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EMF Study
(Database last updated on Mar 27, 2024)

ID Number 2787
Study Type Literature Review, Letter, Book Chapt., Report
Model Review articles on mmwaves and 5G.

AUTHOR'S ABSTRACT: Russell 2019 (IEEE #7070): The popularity, widespread use and increasing dependency on wireless technologies has spawned a telecommunications industrial revolution with increasing public exposure to broader and higher frequencies of the electromagnetic spectrum to transmit data through a variety of devices and infrastructure. On the horizon, a new generation of even shorter high frequency 5G wavelengths is being proposed to power the Internet of Things (IoT). The IoT promises us convenient and easy lifestyles with a massive 5G interconnected telecommunications network, however, the expansion of broadband with shorter wavelength radiofrequency radiation highlights the concern that health and safety issues remain unknown. Controversy continues with regards to harm from current 2G, 3G and 4G wireless technologies. 5G technologies are far less studied for human or environmental effects. It is argued that the addition of this added high frequency 5G radiation to an already complex mix of lower frequencies, will contribute to a negative public health outcome both from both physical and mental health perspectives. Radiofrequency radiation (RF) is increasingly being recognized as a new form of environmental pollution. Like other common toxic exposures, the effects of radiofrequency electromagnetic radiation (RF EMR) will be problematic if not impossible to sort out epidemiologically as there no longer remains an unexposed control group. This is especially important considering these effects are likely magnified by synergistic toxic exposures and other common health risk behaviors. Effects can also be non-linear. Because this is the first generation to have cradle-to-grave lifespan exposure to this level of man-made microwave (RF EMR) radiofrequencies, it will be years or decades before the true health consequences are known. Precaution in the roll out of this new technology is strongly indicated. This article will review relevant electromagnetic frequencies, exposure standards and current scientific literature on the health implications of 2G, 3G, 4G exposure, including some of the available literature on 5G frequencies. The question of what constitutes a public health issue will be raised, as well as the need for a precautionary approach in advancing new wireless technologies. AUTHOR'S ABSTRACT: Olsen 2020 (IEEE #7512): Recently, there has been quite a bit of discussion about the safety of newer 5G wireless communication systems [1]. It is not uncommon to find articles that compare RF safety standards developed by different organizations and accept the validity of each without comment [2] or dismiss the validity of a given standard by claiming a conflict of interest [3]. Given this, it is reasonable to ask about the legitimacy of the standards setting process. In regulating human RF exposure, most countries in the world refer to standards generated by either the International Committee on Electromagnetic Safety (IEEE/ICES) and its Committee on Man and Radiation (COMAR) [NOTE ADDED: IEEE/ICES develops EMF/RF exposure standards; however, ICOMAR does not develop EMF/RF exposure standards.] or the International Commission on Non-ionizing Radiation (ICNIRP). Hence, it is reasonable to discuss the processes by which these bodies arrive at their standards or guidelines for human exposure to RF electromagnetic fields. That is the purpose of this document. Prior to equating the validity of any alternative standard to those of COMAR or ICNIRP, a similar analysis of the alternative should be done. One example of such an analysis is presented in [4].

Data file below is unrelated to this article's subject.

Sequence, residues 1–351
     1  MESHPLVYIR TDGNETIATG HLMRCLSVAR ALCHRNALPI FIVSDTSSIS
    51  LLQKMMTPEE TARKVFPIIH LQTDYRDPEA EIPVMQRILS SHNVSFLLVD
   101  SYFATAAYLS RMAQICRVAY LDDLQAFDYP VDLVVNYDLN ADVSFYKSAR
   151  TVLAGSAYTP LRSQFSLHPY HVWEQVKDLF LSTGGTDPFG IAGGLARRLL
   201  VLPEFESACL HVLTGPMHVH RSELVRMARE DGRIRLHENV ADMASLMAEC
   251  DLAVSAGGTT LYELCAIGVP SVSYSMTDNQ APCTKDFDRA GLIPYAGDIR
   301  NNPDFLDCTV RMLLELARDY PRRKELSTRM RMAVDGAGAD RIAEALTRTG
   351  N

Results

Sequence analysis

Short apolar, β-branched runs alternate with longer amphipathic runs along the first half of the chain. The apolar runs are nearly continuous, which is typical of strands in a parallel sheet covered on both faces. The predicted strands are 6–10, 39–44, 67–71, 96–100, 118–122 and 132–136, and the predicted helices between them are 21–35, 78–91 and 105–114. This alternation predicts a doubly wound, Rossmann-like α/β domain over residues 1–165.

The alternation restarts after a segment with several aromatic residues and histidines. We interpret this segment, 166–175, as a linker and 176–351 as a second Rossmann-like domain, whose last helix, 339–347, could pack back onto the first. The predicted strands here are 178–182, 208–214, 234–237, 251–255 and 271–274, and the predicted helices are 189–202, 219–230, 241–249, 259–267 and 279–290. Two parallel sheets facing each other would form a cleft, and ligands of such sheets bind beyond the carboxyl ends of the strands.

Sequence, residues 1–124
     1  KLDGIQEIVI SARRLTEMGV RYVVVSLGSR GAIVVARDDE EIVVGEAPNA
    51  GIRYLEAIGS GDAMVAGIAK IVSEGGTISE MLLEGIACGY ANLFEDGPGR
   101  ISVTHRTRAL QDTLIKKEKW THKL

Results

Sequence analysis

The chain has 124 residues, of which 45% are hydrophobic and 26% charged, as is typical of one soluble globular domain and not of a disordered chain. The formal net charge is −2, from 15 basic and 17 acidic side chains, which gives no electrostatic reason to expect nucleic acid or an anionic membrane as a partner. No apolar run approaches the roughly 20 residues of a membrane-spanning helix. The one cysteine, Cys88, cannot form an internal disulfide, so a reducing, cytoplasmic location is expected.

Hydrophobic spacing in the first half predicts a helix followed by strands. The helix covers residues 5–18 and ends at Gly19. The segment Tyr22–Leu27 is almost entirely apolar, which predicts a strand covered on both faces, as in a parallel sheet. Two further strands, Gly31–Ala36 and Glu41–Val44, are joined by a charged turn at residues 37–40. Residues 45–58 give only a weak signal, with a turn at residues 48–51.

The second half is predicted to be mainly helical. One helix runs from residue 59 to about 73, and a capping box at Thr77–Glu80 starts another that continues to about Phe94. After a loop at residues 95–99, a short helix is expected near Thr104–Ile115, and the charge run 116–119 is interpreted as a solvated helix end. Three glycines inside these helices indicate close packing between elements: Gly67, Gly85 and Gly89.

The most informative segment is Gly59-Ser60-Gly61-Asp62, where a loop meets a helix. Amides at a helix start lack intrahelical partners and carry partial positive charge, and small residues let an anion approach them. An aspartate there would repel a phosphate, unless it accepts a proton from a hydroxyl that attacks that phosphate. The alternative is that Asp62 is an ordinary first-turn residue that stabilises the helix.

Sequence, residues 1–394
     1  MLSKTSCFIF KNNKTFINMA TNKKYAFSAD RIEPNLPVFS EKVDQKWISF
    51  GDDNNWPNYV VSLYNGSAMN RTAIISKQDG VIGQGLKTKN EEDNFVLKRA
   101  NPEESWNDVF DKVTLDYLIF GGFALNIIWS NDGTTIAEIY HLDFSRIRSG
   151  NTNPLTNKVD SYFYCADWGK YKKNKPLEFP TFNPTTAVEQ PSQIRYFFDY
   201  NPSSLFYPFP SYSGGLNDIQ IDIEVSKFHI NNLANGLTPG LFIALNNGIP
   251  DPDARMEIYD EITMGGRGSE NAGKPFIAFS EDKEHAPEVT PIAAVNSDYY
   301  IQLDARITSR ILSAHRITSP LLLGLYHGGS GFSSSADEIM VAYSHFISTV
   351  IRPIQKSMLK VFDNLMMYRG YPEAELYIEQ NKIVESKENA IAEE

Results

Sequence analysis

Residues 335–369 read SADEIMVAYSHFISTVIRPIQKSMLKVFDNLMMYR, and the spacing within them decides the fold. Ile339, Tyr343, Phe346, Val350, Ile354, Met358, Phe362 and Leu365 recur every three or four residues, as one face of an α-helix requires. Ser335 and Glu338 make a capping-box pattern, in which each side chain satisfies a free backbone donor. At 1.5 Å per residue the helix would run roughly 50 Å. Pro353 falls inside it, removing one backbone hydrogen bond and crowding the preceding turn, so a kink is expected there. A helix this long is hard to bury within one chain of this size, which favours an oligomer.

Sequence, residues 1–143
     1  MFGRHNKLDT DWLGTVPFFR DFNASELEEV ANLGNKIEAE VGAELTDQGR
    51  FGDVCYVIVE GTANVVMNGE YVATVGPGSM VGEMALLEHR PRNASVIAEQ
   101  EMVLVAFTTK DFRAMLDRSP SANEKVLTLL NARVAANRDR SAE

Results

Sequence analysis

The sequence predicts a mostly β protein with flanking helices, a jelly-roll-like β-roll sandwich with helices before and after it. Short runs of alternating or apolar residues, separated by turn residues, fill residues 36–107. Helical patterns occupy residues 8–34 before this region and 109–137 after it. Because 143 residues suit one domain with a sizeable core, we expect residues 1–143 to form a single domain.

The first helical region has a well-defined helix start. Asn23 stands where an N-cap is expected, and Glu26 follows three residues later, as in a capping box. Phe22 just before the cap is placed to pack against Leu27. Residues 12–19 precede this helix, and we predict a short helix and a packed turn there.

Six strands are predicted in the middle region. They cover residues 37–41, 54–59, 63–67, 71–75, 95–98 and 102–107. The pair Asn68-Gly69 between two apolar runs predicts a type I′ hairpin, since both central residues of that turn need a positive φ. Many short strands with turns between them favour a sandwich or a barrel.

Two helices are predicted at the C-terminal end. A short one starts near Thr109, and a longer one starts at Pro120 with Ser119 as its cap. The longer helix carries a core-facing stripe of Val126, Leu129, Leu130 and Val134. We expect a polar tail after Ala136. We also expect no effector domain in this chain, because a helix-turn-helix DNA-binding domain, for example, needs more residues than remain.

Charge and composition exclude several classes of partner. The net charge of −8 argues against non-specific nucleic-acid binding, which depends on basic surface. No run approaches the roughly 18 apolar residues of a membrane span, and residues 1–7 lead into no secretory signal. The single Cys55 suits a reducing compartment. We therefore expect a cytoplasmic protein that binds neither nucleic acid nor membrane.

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  • Russell, CL Environmental Research., (2018) 165:484-495
  • Olsen, RG IEEE Electromagnetic Compatibility Magazine., (2020) 9:27-29
  • Hoolihan, D IEEE Electromagnetic Compatibility Magazine., (2020) 9:96-99
  • Pujol, F et al. 5G Observatory Quarterly Report for the European Commission. , (2020) 8:1-132
  • Elzanaty, A et al. Frontiers in Communications and Networks. , (2021)
  • Chiaraviglio, L et al. IEEE Open Journal of the Communications Society., (2021) 2:2131-2179
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